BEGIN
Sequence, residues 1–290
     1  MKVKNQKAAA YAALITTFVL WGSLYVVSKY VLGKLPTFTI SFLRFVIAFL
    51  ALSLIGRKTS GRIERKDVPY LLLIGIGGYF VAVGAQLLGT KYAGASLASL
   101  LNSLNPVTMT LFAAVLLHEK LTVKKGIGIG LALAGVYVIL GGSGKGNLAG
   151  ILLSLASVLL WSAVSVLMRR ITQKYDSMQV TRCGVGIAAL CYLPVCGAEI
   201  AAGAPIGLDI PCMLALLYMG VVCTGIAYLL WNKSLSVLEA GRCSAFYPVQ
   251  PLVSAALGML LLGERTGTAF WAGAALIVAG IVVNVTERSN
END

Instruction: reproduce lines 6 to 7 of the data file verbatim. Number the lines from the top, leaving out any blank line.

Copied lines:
   201  AAGAPIGLDI PCMLALLYMG VVCTGIAYLL WNKSLSVLEA GRCSAFYPVQ
   251  PLVSAALGML LLGERTGTAF WAGAALIVAG IVVNVTERSN